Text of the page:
Our Submission Need Not Be Guided
Unsaid 4 has been discussed here before and I’m going to discuss it again. The magazine is fairly new to me and after reading all the glowing reviews of the fourth issue, in particular, I was really intrigued but that intrigue was coupled with a dash of skepticism that was short-lived once I began reading. From the very first story, Unsaid had my attention. There is a breathtaking range of writing in this issue and as I read, I would fold the corners of every page that had some really interesting turn of phrase. By the time I reached the end of the massive, 504 pp. issue, more than half of the book’s pages were folded (See Figure 1). I was not familiar with most of the writers in the issue so it was also great to be introduced to new (to me) writers and writing styles. A lot of the content from this issue is online at the Unsaid website and I highly recommend checking the magazine out if you haven’t already.
If you are looking for a place to start, I’d recommend the work of M.T. Fallon, Andy Devine, Alyson Jane, Emily Mahan, Rachel B. Glaser, Carolyn Altman, Michael Kimball, Danielle Blau (Growth is so lush and elegant as to boggle the mind), Joe Wenderoth, Sarah Manguso, and Bianca Galvez.
I could go on and on about the ways in which the writing in this issue really challenged my understanding and appreciation of what makes a story or a poem or how words should be connected to one another or how so much of the writing was beautiful and ugly and smart and difficult and satisfying. I won’t. Instead, I want to talk about how Unsaid 4 has really forced me to reconsider one of the hallmarks of any literary magazine–submission guidelines.
I have long believed in the importance of submission guidelines and appreciating writers who adhere to those guidelines. With limited time, resources and, often, an overwhelming number of submissions, guidelines really help to simplify the editorial process and ensure a consistent standard. There are very good reasons for setting forth best practices for writing length, the number of pieces that can be submitted, the format in which writing should be submitted, and the kind of information you want to know about writers. Guidelines often bring (the semblance?) of order to the chaos of the slush pile.
When you go to the Unsaid website, there are no submission guidelines, only a brief note that says:
For information and all editorial correspondence:
I’m so conditioned to work within the current publishing system of clearly outlined submission guidelines that this brief message threw me for a curve. No guidelines? Blasphemy!
Having finished Unsaid and taken some time to really reflect on the magazine both as a whole and in the context of each writer’s work, one of the most interesting things Unsaid does is make the strongest possible argument for the abolition of submission guidelines. Here is a magazine without submission guidelines that has a clearly expressed aesthetic. I have to believe that part of the success of this issue is the result of an editor’s openness to giving fair consideration to anything appearing in the Inbox. The more I’ve thought about this lack of guidelines, the more I think it’s one hell of a smart move. Not only does a lack of submission guidelines allow writers a lot of freedom to solely focus on sending their best work, it invites the kind of writers who won’t be baffled by the message, who won’t see that as an obstacle, who will understand exactly what the editor is telling them. I’m a little embarrassed to admit I wanted to send them something but couldn’t figure out how even though the information I need is right there, in plain view. I might be a robot. It’s a risk versus reward undertaking to do away with submission guidelines but clearly, where Unsaid is concerned, the rewards have been many.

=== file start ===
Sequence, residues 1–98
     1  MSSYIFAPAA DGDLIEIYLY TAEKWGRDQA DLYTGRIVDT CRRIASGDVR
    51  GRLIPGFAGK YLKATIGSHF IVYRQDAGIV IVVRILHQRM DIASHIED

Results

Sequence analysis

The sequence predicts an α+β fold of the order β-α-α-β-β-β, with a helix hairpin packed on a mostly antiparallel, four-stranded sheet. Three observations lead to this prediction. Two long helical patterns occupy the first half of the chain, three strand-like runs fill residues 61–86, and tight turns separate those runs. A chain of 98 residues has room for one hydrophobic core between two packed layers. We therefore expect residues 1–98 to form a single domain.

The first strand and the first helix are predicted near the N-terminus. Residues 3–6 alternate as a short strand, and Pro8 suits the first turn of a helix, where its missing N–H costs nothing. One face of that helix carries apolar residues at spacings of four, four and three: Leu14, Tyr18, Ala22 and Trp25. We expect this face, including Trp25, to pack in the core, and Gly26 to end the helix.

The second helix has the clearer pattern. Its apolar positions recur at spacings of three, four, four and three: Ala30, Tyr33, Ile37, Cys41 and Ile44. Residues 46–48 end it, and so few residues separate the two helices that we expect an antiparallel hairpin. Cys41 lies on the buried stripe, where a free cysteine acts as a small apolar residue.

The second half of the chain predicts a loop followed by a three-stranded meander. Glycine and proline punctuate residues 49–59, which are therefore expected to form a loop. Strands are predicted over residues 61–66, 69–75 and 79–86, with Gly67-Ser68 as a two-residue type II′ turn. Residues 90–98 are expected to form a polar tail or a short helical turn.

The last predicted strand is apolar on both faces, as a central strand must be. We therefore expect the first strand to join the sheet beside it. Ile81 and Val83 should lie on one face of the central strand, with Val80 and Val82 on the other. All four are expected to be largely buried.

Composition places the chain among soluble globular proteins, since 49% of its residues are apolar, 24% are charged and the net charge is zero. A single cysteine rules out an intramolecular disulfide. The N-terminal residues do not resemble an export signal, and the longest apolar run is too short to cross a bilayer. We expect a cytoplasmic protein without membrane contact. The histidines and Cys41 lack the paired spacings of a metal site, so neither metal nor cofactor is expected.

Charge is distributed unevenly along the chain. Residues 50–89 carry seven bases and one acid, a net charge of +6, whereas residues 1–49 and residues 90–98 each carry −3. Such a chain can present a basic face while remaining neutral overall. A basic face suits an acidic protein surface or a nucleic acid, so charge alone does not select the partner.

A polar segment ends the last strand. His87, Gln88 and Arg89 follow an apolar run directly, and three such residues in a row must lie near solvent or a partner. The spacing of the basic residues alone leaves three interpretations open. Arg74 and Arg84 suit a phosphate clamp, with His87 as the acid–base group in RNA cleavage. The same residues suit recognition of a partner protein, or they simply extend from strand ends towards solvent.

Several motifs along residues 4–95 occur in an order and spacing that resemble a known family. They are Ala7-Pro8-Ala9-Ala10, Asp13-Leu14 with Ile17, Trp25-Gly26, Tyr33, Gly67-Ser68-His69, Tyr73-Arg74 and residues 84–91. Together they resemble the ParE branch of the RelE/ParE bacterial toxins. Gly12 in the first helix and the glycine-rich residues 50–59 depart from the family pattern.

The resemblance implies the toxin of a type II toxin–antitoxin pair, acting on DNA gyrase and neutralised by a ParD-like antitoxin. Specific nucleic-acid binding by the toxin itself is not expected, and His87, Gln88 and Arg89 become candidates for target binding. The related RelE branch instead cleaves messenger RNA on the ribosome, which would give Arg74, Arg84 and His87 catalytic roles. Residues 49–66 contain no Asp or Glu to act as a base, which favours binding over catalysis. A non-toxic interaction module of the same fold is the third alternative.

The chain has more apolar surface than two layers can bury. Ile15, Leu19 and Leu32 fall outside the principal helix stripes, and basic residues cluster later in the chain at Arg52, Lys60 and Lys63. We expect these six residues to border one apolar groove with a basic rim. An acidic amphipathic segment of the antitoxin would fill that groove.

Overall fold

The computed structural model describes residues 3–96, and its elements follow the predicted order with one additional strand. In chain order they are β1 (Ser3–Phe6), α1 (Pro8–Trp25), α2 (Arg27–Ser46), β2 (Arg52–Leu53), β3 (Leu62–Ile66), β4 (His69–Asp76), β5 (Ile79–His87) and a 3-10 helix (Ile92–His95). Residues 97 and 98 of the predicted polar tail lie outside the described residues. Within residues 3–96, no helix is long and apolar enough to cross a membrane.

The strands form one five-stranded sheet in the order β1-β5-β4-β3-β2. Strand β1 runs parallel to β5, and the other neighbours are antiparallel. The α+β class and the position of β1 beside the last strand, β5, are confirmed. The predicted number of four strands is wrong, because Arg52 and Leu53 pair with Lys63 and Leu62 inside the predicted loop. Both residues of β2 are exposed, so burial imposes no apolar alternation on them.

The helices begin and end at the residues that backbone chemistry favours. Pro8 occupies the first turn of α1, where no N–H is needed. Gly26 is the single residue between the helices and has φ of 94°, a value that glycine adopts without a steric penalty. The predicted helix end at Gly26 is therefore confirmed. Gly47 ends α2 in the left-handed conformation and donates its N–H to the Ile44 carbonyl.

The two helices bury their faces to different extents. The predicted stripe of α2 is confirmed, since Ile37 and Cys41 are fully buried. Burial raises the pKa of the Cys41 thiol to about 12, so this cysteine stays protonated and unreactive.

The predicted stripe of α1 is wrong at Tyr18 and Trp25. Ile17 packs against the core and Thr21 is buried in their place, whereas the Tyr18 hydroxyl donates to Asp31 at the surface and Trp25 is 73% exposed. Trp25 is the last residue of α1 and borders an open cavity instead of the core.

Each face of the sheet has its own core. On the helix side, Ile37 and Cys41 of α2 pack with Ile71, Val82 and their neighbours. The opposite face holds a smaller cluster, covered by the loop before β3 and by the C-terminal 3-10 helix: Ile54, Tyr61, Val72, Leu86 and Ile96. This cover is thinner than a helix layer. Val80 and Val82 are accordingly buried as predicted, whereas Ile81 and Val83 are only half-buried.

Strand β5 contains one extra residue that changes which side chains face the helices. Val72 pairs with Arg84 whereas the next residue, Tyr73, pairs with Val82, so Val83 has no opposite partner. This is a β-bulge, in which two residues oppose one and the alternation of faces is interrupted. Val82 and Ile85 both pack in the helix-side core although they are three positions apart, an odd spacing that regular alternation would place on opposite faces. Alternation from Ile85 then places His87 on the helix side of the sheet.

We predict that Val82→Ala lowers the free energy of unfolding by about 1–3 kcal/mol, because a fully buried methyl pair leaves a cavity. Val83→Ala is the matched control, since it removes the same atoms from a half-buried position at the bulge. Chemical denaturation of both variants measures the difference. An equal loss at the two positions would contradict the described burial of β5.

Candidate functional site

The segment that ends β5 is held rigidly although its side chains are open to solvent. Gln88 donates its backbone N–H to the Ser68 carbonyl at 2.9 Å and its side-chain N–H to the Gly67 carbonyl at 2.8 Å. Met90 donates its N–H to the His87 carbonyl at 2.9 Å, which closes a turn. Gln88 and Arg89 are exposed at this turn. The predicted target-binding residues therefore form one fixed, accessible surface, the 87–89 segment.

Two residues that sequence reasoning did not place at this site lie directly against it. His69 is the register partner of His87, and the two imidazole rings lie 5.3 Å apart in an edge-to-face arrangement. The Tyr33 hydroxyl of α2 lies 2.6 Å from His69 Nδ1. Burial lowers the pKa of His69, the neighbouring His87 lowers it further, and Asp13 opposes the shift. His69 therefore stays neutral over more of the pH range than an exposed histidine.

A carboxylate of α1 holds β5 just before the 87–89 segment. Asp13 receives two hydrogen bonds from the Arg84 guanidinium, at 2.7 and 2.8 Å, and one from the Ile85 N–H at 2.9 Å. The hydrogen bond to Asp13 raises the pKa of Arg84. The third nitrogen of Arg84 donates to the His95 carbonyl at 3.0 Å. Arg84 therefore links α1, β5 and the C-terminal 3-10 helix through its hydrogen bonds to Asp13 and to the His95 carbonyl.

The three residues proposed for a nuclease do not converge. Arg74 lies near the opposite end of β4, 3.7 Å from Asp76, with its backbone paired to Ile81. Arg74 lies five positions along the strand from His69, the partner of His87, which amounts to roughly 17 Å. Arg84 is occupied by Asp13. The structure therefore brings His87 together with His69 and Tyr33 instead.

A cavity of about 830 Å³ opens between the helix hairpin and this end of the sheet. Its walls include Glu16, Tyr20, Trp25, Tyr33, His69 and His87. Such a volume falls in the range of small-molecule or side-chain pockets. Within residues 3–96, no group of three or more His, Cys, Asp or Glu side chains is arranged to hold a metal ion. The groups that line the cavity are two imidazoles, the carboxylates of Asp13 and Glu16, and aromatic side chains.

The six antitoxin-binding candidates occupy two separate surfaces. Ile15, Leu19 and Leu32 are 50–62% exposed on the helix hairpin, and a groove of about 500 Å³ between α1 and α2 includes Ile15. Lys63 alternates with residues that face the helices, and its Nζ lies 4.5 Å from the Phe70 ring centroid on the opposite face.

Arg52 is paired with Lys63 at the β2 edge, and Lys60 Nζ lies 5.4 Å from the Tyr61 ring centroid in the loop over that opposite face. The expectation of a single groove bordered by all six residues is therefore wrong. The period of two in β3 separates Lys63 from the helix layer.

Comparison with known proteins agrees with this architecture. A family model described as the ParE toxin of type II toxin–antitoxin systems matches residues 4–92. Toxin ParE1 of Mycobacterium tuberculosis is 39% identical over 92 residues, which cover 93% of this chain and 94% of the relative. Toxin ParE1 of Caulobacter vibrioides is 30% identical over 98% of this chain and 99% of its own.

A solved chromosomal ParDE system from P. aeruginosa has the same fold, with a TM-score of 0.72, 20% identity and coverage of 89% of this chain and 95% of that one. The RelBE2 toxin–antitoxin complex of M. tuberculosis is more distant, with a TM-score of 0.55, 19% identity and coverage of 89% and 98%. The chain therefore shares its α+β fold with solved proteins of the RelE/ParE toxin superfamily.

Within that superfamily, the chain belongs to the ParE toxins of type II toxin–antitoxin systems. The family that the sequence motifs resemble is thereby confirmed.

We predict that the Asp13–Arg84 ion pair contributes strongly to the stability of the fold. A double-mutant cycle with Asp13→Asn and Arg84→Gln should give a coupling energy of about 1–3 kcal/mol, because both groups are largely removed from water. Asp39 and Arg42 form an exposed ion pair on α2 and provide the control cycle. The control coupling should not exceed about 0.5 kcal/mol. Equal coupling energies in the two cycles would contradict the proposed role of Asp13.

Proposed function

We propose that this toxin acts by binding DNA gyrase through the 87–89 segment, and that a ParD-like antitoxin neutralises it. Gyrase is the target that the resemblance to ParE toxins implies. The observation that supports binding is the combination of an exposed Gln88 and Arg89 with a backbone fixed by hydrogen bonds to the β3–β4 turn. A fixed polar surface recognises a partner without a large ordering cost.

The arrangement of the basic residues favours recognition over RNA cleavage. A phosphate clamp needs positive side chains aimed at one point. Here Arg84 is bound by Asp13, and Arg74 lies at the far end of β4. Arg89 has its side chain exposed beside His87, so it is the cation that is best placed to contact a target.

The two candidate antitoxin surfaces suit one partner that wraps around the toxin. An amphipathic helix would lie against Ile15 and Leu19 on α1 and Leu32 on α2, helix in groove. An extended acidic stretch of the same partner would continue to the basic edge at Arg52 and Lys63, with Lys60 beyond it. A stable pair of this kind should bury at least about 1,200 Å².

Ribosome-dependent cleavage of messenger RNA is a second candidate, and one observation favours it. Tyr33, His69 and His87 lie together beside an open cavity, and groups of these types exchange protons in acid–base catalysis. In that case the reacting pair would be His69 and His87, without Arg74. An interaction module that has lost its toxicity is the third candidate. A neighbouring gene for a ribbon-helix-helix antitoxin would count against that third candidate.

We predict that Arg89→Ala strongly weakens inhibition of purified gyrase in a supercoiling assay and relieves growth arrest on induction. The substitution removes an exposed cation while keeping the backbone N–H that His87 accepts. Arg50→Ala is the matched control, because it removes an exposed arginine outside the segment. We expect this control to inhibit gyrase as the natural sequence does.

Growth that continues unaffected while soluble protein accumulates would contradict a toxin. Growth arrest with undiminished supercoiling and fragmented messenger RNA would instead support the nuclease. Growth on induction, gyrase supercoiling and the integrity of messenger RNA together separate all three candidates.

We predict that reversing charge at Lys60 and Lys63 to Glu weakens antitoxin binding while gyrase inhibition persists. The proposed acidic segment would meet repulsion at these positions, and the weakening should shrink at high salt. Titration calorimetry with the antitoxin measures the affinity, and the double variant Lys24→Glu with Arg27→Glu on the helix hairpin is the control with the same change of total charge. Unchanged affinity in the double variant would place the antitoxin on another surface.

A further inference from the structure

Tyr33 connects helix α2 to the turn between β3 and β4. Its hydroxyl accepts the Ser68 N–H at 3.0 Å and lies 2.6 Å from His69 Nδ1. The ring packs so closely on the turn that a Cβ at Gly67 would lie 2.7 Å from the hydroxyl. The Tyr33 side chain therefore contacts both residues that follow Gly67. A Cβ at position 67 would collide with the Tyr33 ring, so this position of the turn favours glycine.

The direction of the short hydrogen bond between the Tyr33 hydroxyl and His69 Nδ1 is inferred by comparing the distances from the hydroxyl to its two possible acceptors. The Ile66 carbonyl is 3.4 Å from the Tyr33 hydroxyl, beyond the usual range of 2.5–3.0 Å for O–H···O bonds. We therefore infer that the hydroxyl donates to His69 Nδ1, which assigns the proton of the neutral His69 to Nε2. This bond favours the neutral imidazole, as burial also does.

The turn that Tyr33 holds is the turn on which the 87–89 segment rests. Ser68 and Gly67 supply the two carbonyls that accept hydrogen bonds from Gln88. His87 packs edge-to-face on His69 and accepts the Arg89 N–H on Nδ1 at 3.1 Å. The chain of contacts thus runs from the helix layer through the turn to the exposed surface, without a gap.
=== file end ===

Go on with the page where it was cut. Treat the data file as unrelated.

Last night, I read a submission that was 5,067 words long and my first reaction was irritation but then I paused and I thought about Unsaid so I read the story with an open mind. It wasn’t right for PANK, but it didn’t kill me to fairly consider a story that in some insignificant way transgressed the guidelines. I’ll be honest—I was not as open to the 16,000 word submission also in the queue.
Perhaps, as others have suggested before, editors are indeed too attached to submission guidelines and not open enough to whatever comes across the transom. And if writers are largely going to ignore guidelines anyway, why work ourselves into a frenzy about the inevitable? What do we value more–great writing or people who follow directions? What does it say about editorial vision if we summarily dismiss work that exceeds mandated word lengths or page formatting requirements? For the most part, submission guidelines are nothing more than administrative strictures that, when you think about it, only really ask writers to demonstrate reading comprehension and an understanding of how to use a word-processing program to insert page numbers and/or double-space a document, etc etc etc.
I cannot say we’re going to eliminate submission guidelines at PANK but I will have a serious conversation with my co-editor so we can think about how, between the two of us, a no-submission guidelines policy would work for our magazine. I can say that Unsaid has been immeasurably eye-opening for me as an editor. It is a magazine that illustrates the power of what can happen when an editor lets go—when an editor submits to their submissions.